Associate Professor

Department of Mathematics and Computer Science

Southwestern University

Georgetown, TX

**The Same Difference: the spread of rumors, catching the flu, and more math**

A research rotation for Southwestern's "Science Training and Education Program" or

STEPS

Description that the students saw to decide between session offerings:

What do gossip and disease have in common?
Come and learn the mathematics that describes them both.
We will use the computer to virtually spread disease or rumors,
perform computations, and create graphs.
No previous computer skills are needed.
Students will present our simulations and their meaning.

Each research rotation will meet in a small computer lab, MBH 118.

ROTATION 3: Sarah Cudzilo Mon Jun 17, 12:45pm-3, 3:30-4:45pm

- Students set up rules and expectations.
- Intro to Excel: save a file; copy, paste; relative addressing; entering a formula; dragging to create an arithmetic sequence.
- File hierarchy on the USB drives. Safely remove USB drive.
- Code a multiplication table in Excel with an appropriately addressed formula.

Included PasteSpecial/Transpose from column headers to row headers. - Notes in a Word document on types of Excel addressing.
- Code values of a linear function by referencing a slope and an intercept and x-values. Create a graph. Copy and paste the table and graph into Word, leaving blank lines to allow greater editing control and ease.
- Simulation of disease spread within a group of 6 names by rolling a die.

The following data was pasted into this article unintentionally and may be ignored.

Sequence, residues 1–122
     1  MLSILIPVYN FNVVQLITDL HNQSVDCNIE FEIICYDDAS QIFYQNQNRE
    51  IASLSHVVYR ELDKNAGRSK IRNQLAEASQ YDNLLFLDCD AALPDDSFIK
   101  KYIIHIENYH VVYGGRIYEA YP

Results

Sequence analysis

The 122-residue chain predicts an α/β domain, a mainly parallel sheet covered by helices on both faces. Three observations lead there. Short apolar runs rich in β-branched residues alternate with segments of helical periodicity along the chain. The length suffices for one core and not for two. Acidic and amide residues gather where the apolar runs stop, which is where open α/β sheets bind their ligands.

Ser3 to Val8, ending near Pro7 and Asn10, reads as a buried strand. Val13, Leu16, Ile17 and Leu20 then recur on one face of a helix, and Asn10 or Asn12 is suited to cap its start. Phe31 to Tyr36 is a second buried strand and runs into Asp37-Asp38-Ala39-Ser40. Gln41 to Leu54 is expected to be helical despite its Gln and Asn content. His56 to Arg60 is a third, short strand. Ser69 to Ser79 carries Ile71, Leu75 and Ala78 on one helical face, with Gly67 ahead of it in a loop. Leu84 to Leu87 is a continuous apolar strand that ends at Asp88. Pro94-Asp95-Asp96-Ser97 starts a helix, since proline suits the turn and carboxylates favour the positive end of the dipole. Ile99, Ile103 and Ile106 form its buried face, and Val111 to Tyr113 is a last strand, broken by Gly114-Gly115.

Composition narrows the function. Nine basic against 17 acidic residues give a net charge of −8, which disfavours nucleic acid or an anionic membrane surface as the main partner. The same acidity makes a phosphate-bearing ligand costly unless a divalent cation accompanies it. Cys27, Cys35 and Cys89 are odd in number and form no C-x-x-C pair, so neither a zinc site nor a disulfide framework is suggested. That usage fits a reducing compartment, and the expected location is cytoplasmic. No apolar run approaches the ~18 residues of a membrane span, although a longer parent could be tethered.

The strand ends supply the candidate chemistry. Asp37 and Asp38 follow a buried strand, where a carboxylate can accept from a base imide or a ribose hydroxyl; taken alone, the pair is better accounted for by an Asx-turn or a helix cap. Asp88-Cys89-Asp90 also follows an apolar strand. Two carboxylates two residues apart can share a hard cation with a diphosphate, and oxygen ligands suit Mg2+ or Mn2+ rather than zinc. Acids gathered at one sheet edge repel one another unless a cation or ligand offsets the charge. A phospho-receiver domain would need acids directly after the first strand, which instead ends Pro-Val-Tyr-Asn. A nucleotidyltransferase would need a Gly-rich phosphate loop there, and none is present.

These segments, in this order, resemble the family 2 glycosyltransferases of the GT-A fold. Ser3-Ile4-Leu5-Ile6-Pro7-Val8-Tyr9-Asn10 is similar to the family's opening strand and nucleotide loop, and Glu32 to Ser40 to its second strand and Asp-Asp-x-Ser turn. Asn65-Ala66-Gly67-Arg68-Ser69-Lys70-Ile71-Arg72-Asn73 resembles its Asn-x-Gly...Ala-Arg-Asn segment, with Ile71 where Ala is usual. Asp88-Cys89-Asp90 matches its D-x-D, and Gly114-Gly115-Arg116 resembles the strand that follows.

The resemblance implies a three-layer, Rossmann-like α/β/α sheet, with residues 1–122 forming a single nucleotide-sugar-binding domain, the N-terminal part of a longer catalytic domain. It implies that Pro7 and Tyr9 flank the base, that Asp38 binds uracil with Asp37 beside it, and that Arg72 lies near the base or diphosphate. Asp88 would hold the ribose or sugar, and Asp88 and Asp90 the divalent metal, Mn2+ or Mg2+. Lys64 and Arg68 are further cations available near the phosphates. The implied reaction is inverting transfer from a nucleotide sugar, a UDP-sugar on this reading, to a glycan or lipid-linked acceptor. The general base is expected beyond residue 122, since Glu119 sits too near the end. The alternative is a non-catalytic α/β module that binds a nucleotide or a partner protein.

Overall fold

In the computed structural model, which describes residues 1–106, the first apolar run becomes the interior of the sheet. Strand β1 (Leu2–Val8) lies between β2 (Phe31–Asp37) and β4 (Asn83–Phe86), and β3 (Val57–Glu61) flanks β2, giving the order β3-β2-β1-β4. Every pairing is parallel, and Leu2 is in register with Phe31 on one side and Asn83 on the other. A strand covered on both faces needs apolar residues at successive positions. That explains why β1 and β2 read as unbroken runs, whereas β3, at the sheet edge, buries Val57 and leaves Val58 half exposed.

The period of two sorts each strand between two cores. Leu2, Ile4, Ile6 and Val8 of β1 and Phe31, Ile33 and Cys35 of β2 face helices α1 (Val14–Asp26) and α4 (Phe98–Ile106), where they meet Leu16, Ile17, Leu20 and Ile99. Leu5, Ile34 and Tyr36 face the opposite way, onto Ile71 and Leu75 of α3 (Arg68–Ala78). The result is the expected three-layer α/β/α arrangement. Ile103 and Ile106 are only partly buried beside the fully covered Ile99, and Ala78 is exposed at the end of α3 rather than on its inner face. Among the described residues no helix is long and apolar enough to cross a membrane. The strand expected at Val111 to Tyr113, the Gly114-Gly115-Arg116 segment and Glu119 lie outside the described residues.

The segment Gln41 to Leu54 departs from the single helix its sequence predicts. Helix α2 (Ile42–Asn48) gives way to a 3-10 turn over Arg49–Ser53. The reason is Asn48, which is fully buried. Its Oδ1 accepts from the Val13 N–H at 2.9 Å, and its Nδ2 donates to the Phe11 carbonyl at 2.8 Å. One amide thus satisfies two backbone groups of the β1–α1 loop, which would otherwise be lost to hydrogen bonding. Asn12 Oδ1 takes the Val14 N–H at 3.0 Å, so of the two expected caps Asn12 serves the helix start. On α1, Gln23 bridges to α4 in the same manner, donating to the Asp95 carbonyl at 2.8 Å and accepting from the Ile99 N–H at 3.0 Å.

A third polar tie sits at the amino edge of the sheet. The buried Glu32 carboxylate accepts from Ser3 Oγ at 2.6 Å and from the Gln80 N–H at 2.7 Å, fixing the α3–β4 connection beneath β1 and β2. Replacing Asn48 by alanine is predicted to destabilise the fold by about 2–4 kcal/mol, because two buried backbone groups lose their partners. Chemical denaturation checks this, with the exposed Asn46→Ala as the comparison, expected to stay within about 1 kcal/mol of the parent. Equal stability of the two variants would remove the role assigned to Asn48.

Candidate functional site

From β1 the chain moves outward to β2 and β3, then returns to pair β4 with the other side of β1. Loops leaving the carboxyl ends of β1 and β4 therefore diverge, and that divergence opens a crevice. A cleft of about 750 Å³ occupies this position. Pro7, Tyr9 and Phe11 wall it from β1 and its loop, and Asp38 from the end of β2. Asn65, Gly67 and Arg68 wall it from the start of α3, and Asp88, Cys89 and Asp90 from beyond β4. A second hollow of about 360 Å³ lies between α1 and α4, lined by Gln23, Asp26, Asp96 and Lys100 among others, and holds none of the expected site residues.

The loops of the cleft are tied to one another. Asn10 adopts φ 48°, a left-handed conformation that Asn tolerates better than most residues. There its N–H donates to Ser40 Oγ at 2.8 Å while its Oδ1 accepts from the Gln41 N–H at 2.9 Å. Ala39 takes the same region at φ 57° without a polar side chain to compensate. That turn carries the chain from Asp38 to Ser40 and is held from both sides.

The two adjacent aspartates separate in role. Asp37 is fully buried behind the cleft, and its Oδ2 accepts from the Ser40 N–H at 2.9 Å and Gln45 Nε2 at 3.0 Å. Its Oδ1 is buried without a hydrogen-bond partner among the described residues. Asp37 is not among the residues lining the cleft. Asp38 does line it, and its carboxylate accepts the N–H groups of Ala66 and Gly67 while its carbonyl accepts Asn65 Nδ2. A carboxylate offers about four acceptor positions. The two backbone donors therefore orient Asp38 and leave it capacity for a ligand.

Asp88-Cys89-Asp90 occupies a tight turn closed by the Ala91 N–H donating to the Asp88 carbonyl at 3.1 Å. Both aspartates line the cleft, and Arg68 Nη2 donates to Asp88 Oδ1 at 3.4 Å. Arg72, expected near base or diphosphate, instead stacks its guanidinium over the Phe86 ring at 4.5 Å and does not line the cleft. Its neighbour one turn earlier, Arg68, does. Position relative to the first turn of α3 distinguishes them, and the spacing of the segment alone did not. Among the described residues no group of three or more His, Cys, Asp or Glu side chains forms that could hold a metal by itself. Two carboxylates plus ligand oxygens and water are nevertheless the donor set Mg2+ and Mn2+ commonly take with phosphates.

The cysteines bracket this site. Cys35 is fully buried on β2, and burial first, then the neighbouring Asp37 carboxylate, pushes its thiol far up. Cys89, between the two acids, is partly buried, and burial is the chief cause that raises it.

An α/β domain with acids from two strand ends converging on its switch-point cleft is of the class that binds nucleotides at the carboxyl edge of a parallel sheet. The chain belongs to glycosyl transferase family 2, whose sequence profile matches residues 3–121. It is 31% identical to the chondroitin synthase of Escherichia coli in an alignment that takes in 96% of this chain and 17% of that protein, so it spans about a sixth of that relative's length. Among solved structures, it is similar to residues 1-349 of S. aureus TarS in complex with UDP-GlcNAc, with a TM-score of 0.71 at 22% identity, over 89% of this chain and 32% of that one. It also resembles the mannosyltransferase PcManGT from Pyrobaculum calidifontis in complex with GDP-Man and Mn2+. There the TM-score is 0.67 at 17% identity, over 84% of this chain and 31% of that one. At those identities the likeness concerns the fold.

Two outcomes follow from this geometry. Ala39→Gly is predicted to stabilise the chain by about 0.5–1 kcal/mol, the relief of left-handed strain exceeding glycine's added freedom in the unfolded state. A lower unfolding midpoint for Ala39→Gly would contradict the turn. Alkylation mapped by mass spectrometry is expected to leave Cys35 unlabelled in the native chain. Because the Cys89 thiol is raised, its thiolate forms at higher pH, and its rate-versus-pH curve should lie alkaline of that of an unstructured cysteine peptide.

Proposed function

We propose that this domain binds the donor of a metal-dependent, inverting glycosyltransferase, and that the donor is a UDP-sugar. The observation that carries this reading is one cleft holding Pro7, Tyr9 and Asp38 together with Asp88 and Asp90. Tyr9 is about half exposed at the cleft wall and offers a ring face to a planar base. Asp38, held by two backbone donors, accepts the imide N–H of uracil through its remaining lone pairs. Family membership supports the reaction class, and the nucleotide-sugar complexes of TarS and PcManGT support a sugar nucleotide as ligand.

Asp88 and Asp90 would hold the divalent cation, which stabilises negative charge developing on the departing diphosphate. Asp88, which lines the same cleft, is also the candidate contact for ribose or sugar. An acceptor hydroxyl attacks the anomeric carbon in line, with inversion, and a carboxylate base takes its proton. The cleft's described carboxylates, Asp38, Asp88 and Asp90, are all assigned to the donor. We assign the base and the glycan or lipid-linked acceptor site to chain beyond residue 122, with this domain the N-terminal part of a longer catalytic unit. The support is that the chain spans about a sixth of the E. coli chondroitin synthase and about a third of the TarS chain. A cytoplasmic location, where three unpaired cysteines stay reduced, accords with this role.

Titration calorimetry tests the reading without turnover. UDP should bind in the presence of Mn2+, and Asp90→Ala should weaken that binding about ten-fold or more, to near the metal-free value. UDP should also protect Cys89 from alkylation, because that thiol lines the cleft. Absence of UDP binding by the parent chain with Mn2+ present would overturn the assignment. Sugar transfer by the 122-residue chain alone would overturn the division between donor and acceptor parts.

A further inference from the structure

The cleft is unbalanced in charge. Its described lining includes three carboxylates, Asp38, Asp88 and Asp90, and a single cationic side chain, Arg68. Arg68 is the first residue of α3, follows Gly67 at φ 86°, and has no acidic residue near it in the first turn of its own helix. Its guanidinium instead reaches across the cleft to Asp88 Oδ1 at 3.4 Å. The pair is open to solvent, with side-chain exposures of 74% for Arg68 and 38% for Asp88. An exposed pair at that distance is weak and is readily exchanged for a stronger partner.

Excel graph.

- Write up the instructions for our procedure from last time.
- Discuss simulation of disease spread within a small group by selecting names on paper.

CopyAndPasteSheet; insert columns and see how the graph changes. - Perform another simulation with 6 people and dice.
- Write up the simulation of CONTACT. S-I model.
- Discuss and write up the SHAPE of the graph!!

- - - - - - - ** R E S O U R C E S ** - - - - - - -

** Career Info **

US Bureau of Labor and Statistics

Society of Industrial and Applied Mathematics

** References **

"CDC - Seasonal Influenza (Flu) - Flu Activity & Surveillance." Centers for Disease Control and Prevention. Web. 11 June 2012. http://www.cdc.gov/flu/weekly/fluactivitysurv.htm. Also http://www.cdc.gov/flu/weekly/weeklyarchives2009-2010/data/AHDRA20.htm for earlier data and http://www.cdc.gov/flu/weekly/weeklyarchives2011-2012/data/senAllregt22.htm for current data.

Freiberger, Marianne. "Pan(dem)ic?" Plus.maths.org. Web. 11 June 2012.
http://plus.maths.org/content/pandemic.

The home site is edited by Freiberger and Thomas.

Matthew, Keeling. "The Mathematics of Diseases." Plus.maths.org. Web. 11 June 2012. http://plus.maths.org/issue14/features/diseases/.

"Logistic Growth." Connecting Concepts: Interactive Lessons in Biology. Web. 15 June 2012. (produced collaboratively at the University of Wisconsin-Madison) http://ats.doit.wisc.edu/biology/ec/pd/t2.htm

Schreiber, Michael. "Logistic Sigmoid Market Model." Wolfram Demonstrations Project. Web. 25 July 2010. http://demonstrations.wolfram.com/LogisticSigmoidMarketModel/.

Purdue OWL: Online Writing Lab. Web. 26 August 2012. https://owl.english.purdue.edu/.

logistic model with data TI Activity 8

beyond typical high school curriculum. nice paper on 1-variable simple differential equations model of the spread of infection Explorations 1-3 can be done in Mathematica DE model

beyond typical high school curriculum disease paper